Despite being a few inches shorter than the Sportage, the Seltos doesn’t feel that much smaller on the inside, especially in the cargo area. The rear storage space seems especially generous in a category that tends to skimp on it.
In fact, the Seltos doesn’t skimp on much. The hard interior plastics and numb driving feel could both be improved, sure, but that also leaves room in the production budget for things that matter more to today’s buyers.
It’s chock full of content for the price.
Every single Seltos, including the base LX trim, comes standard with collision sensors that can detect pedestrians, lane keeping assist, lane departure warning, lane following assist and even automatic high beams and a warning if the driver stops paying attention.

The Kia Seltos is a small crossover that offers a lot of features for the price, including standard all-wheel drive on most trims.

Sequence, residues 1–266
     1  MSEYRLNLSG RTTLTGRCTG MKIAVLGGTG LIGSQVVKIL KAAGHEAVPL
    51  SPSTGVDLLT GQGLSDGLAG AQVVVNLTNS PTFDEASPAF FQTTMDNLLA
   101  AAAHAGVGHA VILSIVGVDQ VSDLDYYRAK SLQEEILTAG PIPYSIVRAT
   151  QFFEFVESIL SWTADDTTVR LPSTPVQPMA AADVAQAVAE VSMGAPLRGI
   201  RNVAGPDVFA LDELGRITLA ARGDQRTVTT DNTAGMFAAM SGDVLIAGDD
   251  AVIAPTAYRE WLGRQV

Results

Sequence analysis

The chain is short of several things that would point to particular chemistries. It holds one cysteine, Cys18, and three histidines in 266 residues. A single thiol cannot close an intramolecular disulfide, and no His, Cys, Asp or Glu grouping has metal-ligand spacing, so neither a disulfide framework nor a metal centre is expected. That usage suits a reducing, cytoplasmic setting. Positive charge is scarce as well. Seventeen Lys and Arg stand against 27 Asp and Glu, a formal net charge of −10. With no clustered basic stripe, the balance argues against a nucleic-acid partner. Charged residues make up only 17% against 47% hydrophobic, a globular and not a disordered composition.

Those are all things that used to be the exclusive domain of pricey luxury cars, but now the Seltos hands them out for free.
Every trim except the LX comes with some nice convenience features, too: a 10.25-inch touchscreen, automatic climate control and remote start from a button on the key fob.
Two different four-cylinder engines are available.
Most buyers will be happy with the base, 146-horsepower engine that’s paired with a continuously variable transmission. It’s not fast, but it’s smooth and efficient, rated for 29 mpg in city driving and 35 on the highway with front-wheel drive.
The majority of Seltos models come equipped with all-wheel drive, though. That’s a good thing for driving on wet roads or loose dirt, but it drops the gas mileage down to a still-respectable 27 in the city and 31 on the highway, according to government tests.
My Seltos loaner was the new Nightfall Edition, which comes with the more powerful turbocharged engine. With 1.6 liters of displacement, it cranks out 175 horsepower while still earning a decent 30-mpg highway rating.